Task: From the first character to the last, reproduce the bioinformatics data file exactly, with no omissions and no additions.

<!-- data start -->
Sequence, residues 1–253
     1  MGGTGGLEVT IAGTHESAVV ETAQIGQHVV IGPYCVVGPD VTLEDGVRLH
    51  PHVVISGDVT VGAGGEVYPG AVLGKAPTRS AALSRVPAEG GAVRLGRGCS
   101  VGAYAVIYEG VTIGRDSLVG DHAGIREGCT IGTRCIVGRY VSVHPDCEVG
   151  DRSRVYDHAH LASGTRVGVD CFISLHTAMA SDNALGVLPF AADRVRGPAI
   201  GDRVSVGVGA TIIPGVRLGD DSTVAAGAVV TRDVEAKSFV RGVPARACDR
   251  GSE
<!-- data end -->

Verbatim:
Sequence, residues 1–253
     1  MGGTGGLEVT IAGTHESAVV ETAQIGQHVV IGPYCVVGPD VTLEDGVRLH
    51  PHVVISGDVT VGAGGEVYPG AVLGKAPTRS AALSRVPAEG GAVRLGRGCS
   101  VGAYAVIYEG VTIGRDSLVG DHAGIREGCT IGTRCIVGRY VSVHPDCEVG
   151  DRSRVYDHAH LASGTRVGVD CFISLHTAMA SDNALGVLPF AADRVRGPAI
   201  GDRVSVGVGA TIIPGVRLGD DSTVAAGAVV TRDVEAKSFV RGVPARACDR
   251  GSE